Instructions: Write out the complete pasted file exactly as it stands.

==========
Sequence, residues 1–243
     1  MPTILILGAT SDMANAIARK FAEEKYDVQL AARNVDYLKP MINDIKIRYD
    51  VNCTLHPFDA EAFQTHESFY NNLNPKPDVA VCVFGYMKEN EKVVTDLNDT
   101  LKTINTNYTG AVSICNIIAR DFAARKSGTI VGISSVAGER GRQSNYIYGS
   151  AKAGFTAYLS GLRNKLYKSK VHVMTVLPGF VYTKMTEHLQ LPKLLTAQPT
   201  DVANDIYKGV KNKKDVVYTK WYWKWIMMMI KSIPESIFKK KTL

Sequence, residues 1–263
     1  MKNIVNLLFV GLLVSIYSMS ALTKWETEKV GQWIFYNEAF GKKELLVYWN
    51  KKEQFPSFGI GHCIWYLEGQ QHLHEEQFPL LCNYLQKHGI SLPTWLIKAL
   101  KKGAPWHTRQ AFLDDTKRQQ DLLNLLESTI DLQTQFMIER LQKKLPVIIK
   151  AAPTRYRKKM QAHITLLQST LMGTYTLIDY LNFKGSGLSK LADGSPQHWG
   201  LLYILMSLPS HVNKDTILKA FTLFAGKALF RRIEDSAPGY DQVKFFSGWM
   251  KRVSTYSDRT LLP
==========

Sequence, residues 1–243
     1  MPTILILGAT SDMANAIARK FAEEKYDVQL AARNVDYLKP MINDIKIRYD
    51  VNCTLHPFDA EAFQTHESFY NNLNPKPDVA VCVFGYMKEN EKVVTDLNDT
   101  LKTINTNYTG AVSICNIIAR DFAARKSGTI VGISSVAGER GRQSNYIYGS
   151  AKAGFTAYLS GLRNKLYKSK VHVMTVLPGF VYTKMTEHLQ LPKLLTAQPT
   201  DVANDIYKGV KNKKDVVYTK WYWKWIMMMI KSIPESIFKK KTL

Sequence, residues 1–263
     1  MKNIVNLLFV GLLVSIYSMS ALTKWETEKV GQWIFYNEAF GKKELLVYWN
    51  KKEQFPSFGI GHCIWYLEGQ QHLHEEQFPL LCNYLQKHGI SLPTWLIKAL
   101  KKGAPWHTRQ AFLDDTKRQQ DLLNLLESTI DLQTQFMIER LQKKLPVIIK
   151  AAPTRYRKKM QAHITLLQST LMGTYTLIDY LNFKGSGLSK LADGSPQHWG
   201  LLYILMSLPS HVNKDTILKA FTLFAGKALF RRIEDSAPGY DQVKFFSGWM
   251  KRVSTYSDRT LLP